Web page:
McSally Teams Up with Buckeye Mayor to Tackle Invasive Salt Cedar Trees
U.S. SENATE – U.S. Senator Martha McSally (R-AZ) today partnered with Buckeye Mayor Jackie Meck to discuss solutions for restoring Western river ecosystems and removing invasive species like the salt cedar trees negatively impacting Arizona’s Colorado, Verde, Salt, and Gila Rivers.
McSally, chair of the Energy and Natural Resources Water and Power Subcommittee, addressed the devastation that non-native species inflict on Western ecosystems, including salt cedar trees, quagga mussels, and others.
“Invasive species cost billions of dollars in direct costs and economic impact each year,” McSally said. “These invaders can be devastating, and the impacts to our water resources range from loss of supply to expensive infrastructure damage. In Arizona, our desert rivers like the Verde, Salt, and Gila have been hit particularly hard. In their healthy state, these landscapes should have a handful of native trees like willows, cottonwoods, or mesquite. But right now these riverbeds are choked with up to 4,000 salt cedars per acre. This not only puts incredible strain on water supply, it also causes serious flooding and fire hazards.”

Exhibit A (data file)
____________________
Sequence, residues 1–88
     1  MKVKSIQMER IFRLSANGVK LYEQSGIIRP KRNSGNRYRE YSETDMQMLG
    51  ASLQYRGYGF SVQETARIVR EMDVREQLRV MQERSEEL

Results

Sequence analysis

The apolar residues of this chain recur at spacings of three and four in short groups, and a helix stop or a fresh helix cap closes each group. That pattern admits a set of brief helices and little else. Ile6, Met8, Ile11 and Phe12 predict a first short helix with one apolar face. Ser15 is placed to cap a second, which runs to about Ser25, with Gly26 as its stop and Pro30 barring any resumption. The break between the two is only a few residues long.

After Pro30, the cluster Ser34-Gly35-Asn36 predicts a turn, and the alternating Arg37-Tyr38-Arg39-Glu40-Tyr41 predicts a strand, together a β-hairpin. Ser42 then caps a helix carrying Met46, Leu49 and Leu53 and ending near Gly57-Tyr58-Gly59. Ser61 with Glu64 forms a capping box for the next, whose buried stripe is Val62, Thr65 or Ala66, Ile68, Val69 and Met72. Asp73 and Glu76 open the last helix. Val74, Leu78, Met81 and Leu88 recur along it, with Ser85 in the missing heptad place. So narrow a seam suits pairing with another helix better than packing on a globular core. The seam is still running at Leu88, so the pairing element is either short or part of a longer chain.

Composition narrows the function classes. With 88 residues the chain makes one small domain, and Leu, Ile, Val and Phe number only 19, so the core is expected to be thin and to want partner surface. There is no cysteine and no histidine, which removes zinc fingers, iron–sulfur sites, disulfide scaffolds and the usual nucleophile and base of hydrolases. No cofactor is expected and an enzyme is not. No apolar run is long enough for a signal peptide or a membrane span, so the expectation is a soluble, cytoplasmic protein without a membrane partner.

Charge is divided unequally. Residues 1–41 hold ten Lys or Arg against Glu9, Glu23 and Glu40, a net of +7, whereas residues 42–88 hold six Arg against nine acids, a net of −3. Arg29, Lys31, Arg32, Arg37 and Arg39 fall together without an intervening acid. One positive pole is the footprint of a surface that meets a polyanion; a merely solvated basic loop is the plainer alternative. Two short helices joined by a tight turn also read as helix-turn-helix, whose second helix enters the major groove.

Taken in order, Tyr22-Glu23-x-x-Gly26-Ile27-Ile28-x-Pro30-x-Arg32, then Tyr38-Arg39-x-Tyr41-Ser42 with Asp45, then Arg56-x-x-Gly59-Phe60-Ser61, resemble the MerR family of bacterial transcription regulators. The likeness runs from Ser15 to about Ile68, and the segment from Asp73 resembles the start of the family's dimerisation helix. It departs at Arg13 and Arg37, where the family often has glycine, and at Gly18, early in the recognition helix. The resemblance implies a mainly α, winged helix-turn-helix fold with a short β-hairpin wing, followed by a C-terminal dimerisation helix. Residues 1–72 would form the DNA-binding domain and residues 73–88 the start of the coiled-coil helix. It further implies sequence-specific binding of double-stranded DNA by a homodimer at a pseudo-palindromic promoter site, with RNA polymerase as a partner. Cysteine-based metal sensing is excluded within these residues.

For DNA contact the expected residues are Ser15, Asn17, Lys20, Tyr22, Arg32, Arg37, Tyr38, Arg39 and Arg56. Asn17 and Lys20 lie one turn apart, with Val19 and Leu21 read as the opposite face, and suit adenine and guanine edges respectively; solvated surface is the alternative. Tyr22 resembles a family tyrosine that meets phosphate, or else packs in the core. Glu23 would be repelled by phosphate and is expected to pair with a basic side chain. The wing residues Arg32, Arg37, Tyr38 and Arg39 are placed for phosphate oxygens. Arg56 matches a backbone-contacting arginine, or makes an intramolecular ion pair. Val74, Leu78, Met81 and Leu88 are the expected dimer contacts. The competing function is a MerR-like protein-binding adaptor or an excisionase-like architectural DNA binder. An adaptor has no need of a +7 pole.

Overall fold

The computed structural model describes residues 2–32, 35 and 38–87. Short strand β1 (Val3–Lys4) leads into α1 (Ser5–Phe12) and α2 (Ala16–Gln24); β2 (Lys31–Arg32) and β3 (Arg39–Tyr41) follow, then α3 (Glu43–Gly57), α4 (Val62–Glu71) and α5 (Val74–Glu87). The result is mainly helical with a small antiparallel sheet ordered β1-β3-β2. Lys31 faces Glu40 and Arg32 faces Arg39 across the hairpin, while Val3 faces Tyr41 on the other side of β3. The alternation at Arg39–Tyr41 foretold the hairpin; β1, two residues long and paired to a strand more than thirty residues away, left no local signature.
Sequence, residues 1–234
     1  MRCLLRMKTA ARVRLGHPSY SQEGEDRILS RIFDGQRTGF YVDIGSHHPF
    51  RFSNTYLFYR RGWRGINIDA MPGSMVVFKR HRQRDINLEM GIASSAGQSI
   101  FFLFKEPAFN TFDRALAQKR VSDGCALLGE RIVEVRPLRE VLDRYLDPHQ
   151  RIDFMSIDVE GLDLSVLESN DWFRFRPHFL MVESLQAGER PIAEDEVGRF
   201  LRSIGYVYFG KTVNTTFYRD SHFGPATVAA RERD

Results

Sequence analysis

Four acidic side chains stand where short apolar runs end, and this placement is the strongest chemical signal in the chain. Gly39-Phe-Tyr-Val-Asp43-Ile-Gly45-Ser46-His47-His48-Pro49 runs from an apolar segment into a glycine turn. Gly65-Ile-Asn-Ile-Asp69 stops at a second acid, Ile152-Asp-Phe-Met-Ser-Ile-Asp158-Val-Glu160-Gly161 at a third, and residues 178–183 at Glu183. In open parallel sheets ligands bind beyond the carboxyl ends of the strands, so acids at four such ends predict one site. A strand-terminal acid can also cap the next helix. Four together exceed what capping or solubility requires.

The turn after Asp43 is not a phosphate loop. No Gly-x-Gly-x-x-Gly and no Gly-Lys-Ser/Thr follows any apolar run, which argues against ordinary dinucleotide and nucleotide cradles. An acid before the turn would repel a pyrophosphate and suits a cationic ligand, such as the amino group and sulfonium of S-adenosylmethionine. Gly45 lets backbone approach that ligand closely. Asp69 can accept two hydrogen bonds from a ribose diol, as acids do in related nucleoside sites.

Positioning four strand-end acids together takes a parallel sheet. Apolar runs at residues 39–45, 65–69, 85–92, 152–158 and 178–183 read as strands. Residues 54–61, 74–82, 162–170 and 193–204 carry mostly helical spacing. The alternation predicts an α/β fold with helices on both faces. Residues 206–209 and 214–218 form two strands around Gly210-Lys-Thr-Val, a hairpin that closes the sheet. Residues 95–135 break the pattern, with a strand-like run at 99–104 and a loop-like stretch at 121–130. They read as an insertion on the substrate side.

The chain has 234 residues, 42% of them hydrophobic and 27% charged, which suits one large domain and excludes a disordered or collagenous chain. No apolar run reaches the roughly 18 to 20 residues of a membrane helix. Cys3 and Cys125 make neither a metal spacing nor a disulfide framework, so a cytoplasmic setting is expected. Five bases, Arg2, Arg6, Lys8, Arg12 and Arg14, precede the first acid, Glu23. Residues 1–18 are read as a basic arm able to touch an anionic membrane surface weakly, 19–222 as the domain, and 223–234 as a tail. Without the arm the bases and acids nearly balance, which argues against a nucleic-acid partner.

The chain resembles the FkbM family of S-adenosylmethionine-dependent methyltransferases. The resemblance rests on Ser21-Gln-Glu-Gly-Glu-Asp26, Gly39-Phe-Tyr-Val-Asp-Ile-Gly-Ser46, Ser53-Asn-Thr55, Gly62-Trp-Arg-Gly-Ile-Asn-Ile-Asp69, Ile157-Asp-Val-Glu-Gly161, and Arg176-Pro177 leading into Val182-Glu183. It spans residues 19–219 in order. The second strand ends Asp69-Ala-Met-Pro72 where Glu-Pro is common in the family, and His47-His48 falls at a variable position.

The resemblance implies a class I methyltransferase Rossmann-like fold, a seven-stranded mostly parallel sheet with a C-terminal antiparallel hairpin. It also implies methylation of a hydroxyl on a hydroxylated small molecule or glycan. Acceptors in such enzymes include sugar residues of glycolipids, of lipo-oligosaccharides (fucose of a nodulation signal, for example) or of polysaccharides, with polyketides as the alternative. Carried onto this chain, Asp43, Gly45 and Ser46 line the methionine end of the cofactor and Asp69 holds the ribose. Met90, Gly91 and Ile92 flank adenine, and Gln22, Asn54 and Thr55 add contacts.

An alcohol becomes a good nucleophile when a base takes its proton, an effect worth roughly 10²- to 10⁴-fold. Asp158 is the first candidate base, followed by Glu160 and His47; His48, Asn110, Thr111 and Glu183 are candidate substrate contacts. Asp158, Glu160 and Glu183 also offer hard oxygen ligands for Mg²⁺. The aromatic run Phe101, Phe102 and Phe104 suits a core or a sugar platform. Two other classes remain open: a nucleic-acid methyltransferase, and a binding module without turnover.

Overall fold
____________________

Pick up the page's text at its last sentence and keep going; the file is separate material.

“The City of Buckeye is unfortunately more familiar with these challenges than anywhere, so I am grateful to have the perspective of Mayor Jackie Meck on the panel today. He has been a leader in bringing stakeholders together to tackle the problem of invasive salt cedars, getting buy-in and support from other municipal leaders as well as private industry, local, county, state, and federal partners.”
Mayor Meck spoke about the significant amount of water that will be conserved once the salt cedars are removed, and encouraged the senators to support the Drought Relief Through Innovative Projects (DRIP) Act.
“Each Salt Cedar tree consumes 200 to 300 gallons of water a day,” Meck said. “Eradicating Salt Cedars in the 15,000 acres that we are concerned with creates a water resource in the desert with the potential to save 50,000 acre-feet of water annually. That is enough water for 200,000 homes or 600,000 people.”
McSally is a cosponsor of the bipartisan DRIP Act with Senator Sinema that would establish a competitive grant program to remove and replace non-native plants, like the salt cedar, and ensure state and local government has additional resources to address this problem.